Tuesday, April 22, 2014

Teacher Poets

Slice of Life Challenge
Please join the challenge over at Two Writing Teachers!

Joining the Teacher Poets Community has inspired me during a time when inspiration is hard to find. Chris Lehman invited teachers to write and share their poetry under his leadership. So many of us said, YES...and here we are a full fledged community writing and sharing poetry on Saturday mornings. 

Using Google Communities and Google Hangouts and Twitter to connect us is new for me. I love the technology! In real time we are sharing and writing and workshopping poetry together. There are only a handful of us on screen, but so many more watching and participating using twitter. The video is archived on Youtube and people can return to the video and the community to participate at a later date. 

It's there for our reference at a later time and we can share it with others. This makes me wonder how it can be used for professional development or with students. There are so many possibilities...

This past Saturday morning, it was my turn to share my writing. Nervous doesn't begin to explain how I was feeling while reading my poem! My hands were shaking and I felt so much emotion, I could barely contain it...what held me together was the trust I have in the group assembled. The people there wanted to help and guide and inspire...and they did. 

My poem is a raw, emotional description of what it's like to be single and childless...needless to say, personal and painful topics to address. I told Chris before we went live that I tried to write about less personal topics, but it never happens for me when I write poetry. Poetry goes to the soul of me...so I let it.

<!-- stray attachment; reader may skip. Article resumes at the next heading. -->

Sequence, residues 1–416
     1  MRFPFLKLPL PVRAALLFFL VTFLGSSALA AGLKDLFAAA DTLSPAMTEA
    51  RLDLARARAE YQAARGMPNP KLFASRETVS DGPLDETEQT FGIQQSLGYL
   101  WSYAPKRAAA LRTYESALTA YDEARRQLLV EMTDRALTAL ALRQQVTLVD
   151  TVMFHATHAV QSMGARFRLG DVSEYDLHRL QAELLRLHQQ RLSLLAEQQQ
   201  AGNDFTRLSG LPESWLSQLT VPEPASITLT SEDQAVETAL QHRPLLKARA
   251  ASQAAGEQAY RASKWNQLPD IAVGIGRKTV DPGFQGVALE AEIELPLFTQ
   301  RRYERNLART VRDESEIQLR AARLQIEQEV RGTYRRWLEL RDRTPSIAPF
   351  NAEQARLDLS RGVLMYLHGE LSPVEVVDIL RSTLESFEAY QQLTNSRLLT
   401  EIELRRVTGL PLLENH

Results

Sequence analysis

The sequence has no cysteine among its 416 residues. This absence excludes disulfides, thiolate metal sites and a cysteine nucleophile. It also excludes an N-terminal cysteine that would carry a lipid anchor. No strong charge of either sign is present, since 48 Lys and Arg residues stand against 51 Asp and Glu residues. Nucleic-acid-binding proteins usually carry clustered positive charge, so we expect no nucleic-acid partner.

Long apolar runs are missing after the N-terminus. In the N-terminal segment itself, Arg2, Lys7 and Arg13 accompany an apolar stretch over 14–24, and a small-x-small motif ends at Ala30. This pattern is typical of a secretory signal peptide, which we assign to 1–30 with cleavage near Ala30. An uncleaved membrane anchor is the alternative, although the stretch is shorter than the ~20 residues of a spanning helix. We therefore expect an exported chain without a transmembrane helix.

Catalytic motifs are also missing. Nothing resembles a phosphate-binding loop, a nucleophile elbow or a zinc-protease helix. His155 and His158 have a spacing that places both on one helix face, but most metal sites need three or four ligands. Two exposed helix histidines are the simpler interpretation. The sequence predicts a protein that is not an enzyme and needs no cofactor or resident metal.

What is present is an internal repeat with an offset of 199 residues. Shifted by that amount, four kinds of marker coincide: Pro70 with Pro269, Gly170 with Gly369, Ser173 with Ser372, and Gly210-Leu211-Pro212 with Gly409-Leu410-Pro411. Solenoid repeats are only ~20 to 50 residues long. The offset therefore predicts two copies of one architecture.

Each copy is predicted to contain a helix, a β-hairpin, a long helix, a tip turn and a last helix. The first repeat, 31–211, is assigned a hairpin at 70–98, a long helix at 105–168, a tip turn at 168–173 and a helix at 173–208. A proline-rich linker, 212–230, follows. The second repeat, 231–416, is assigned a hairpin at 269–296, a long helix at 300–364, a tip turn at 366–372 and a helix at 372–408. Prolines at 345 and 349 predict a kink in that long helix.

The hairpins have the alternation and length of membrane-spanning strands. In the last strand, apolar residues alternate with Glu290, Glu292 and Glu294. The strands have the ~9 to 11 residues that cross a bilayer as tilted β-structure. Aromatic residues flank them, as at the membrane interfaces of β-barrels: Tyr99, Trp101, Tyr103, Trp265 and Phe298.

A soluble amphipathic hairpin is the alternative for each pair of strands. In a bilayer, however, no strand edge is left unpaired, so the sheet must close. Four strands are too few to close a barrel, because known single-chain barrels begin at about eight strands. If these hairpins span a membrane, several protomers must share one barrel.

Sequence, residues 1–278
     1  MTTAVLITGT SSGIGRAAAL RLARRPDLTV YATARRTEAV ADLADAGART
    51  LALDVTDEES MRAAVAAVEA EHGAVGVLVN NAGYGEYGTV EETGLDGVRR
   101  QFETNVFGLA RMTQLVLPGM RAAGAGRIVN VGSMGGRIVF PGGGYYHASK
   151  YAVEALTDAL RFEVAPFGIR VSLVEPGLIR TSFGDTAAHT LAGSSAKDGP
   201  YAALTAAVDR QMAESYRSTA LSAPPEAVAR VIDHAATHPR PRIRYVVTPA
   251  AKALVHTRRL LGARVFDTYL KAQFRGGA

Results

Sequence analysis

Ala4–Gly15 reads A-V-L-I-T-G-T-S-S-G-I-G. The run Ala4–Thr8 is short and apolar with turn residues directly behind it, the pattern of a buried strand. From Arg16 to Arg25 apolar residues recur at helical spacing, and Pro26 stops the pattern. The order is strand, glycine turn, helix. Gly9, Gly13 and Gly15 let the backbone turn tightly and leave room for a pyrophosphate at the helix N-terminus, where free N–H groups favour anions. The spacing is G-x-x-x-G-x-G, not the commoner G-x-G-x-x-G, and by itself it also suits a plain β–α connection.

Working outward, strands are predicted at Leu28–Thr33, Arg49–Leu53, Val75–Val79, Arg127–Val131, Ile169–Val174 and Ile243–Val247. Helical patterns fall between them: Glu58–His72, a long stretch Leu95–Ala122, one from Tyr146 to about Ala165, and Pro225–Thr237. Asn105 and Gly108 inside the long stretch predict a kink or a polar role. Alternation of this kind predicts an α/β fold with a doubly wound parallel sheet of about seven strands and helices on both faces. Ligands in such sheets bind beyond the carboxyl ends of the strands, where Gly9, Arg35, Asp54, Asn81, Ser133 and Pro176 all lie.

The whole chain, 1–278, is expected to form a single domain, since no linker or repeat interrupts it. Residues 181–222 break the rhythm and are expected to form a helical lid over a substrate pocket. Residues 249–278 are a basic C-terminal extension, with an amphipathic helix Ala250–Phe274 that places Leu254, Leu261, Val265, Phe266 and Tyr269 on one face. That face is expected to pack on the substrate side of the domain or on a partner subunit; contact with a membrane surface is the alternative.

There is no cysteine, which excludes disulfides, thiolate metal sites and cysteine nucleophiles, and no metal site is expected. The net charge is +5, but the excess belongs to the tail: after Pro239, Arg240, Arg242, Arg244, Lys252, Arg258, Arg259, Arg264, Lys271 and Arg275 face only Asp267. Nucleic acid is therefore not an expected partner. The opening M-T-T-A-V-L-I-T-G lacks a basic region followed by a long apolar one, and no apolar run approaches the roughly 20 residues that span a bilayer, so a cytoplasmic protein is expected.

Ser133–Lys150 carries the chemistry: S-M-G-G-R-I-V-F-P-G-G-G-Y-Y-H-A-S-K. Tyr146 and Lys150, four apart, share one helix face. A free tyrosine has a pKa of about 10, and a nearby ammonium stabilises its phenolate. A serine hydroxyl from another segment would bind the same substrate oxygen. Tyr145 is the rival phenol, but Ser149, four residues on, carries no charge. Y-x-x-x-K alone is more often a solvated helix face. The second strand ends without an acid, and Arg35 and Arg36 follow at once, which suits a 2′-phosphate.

Here's the poem...

At ten years old, I begged
Please! Mom PLEASE! I want a pair of Dr. Scholl’s…
just like everyone else! Everyone has them!
I finally got my red Dr. Scholls and they promptly
blistered my feet and caused me to trip & fall

My brown bagged lunch
sits in front of me in the teacher’s room,
reaching in I grab a vitamin water and my peanut butter sandwich.
As I peel back the silvery foil I hear, Did your husband make your lunch?
The foil rips and I smooth out the wrinkles,
Avoiding eye contact, I say
That would be remarkable...but I don’t have one.
The self deprecating laugh doesn’t hide the pain,
instead it shines a spotlight on it
I’m not like everyone else...
Another table, another day,
another question So do you have kids?
My breath catches as I imagine saying Yes.
How I long to say yes…
and to tell stories of my kids and their antics,
to complain about no sleep and
shake my head while admitting that it’s all worth it…
Instead, I say No.
But it doesn’t tell the whole story…
The story of how I spent a year preparing to adopt a child
The story of how I came within weeks of adopting a precious little boy
or the pain of losing that child and coming away with nothing
ending where I began

Everyone has stories
And I used to want my stories
to sound like just everyone else
and to feel like just everyone else
to be like just everyone else
But now,
I appreciate my story

Once I read it, Chris explained how the feedback would work. It's a three step process...
First, compliments
Second, questions
Third, considerations

Here's some of the feedback: